Alice Sara Ott
Edvard Grieg: Piano Concerto – Lyric Pieces
Symphonieorchester des Bayerischen Rundfunks
Esa-Pekka Salonen, conductor
Deutsche Grammophon, 2016
It is really marvellous this Wonderland that Alice Sara Ott dedicates to Edvard Grieg’s Piano Concerto in A minor, the piano suite from Peer Gynt and some Lyric Pieces.
The Piano Concerto is the only one concert that Grieg has completed for this instrument, but it was a lucky work, since it is one of the most famous piano concert ever: in 1939 the first movement was part of the soundtrack of Intermezzo, with Leslie Howard and Ingrid Bergman.
The Concerto was written in Søllerød (Denmark) in 1868, when the composer was twenty-four, but reached its final form only in 1907, a few weeks before his death (and perhaps only for that). It is usually compared in writing and style to the piano concerto by Robert Schumann, which Grieg had heard in a performance of Clara Schumann in Leipzig ten years earlier. The premiere of the Piano Concerto was held in 1869 in Copenhagen, with Edmund Neupert as soloist. Neupert was later dedicatee of the second edition of the concerto, while the first was dedicated to Rikard Nordraak, recalled in Grieg’s musical catalogue also for the Funeral March. In 1870, Franz Liszt, who had already expressed enthusiasm about the concert, played it at first sight during Grieg’s trip in Italy.
The concerto, like other compositions by Grieg, evokes Norwegian folk music, as the second descending followed by a descending third placed at the beginning of the first movement, which is a tune that recurs also in the String Quartet.
As for the sixty-six Lyric Pieces, they are collected in ten volumes published between 1867-1901, of which Wonderland offers a carefully chosen selection, since it includes all the most famous pieces, such as Wedding Day at Troldhaugen (Bryllupsdag på Troldhaugen), To Spring (Til våren), March of the Trolls (Trolltog) and Butterfly (Sommerfugl).
Alice Sara Ott creates around these songs a network of delicacy and magic, adding a youthful touch that makes the interpretation not only enchanting, but also sumptuous: the “wonderful” implied by the album title is definitely the distinctive element of Wonderland, but it is certainly not the only one. The Concerto, for example, is rich in nuances and emotion and the argentine sound of the piano becomes a silver waterfall under Ott’s fingers. In this regard, the virtuosic cadenza at the end of the first movement deserves a particular mention. As to the direction of Esa-Pekka Salonen, who conducts the excellent Symphonieorchester des Bayerischen Rundfunks, it is tense and helps to push forward the musical flow without relaxations or distractions, proving to be a valuable ally of the pianist.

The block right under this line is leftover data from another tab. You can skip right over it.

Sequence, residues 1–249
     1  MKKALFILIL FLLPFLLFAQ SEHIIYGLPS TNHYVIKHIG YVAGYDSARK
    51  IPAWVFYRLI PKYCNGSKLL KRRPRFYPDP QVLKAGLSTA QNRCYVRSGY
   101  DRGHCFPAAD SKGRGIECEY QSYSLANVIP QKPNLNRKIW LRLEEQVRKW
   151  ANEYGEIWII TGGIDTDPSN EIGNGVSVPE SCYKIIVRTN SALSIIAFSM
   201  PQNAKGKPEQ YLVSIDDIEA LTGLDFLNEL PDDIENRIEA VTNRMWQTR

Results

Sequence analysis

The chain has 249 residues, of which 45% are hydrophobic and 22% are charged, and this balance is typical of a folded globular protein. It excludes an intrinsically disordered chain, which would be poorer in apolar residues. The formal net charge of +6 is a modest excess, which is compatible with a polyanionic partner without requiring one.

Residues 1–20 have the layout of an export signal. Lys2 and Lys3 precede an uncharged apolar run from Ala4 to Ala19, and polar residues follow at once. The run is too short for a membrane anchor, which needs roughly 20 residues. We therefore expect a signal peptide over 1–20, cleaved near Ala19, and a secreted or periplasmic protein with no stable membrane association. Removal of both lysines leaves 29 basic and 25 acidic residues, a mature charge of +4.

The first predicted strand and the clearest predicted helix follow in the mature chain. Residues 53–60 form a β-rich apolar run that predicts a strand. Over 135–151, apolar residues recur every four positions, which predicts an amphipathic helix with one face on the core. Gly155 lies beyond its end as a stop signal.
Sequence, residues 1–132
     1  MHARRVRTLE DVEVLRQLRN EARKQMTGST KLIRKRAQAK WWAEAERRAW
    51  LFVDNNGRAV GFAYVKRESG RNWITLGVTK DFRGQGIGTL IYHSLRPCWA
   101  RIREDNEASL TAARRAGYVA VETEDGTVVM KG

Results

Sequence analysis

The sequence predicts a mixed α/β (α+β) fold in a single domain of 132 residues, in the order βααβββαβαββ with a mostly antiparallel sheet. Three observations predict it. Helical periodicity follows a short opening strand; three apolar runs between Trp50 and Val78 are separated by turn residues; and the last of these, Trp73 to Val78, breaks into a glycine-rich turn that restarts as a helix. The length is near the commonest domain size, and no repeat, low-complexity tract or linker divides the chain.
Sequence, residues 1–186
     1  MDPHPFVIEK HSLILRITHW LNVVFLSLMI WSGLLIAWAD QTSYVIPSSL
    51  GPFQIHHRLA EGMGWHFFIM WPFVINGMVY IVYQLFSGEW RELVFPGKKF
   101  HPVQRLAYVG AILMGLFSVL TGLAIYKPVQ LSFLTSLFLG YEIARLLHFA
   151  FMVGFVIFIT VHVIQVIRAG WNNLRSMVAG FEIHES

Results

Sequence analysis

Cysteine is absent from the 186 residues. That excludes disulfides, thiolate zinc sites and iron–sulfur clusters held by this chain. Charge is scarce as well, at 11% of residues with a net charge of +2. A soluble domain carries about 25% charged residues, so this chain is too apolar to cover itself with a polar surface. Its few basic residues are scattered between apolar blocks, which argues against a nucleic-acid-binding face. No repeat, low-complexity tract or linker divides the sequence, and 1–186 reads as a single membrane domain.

Lyric Pieces and Suite from Peer Gynt are an enrichment to the Concerto and highlight elements that were previously barely mentioned or add new ones, so Wonderland assumes an organic appearance. Thus, for example, Ott plays Once Upon a Time with a feeling that you could easily define melancholic, but to which is opposed an execution that has something jocose. If Butterfly is a floating piece and the Elves’ Dance are animated by the true spirit of dance music, To Spring brings a breath of freshness in which the pianist plays well on the contrasts in the first section and in the repeat, which are more dynamic, and finds instead a delicate and argentine sound in the quieter middle section. Notturno, for its part, is poignant and painfully evokes distant suggestions. Two consecutive pieces, Brooklet and In the Hall of the Mountain King, allow Ott to create, in the first, the dynamic contrasts between piano and forte and in the second, to excel in a progression from slow to fast. In Wedding Day at Troldhaugen, finally, Ott prepares to us a joyous end and recreates the bell pealing of a festive day.
My opinion of this long-awaited album is therefore excellent and I hope that it will find the admiration and consideration it deserves.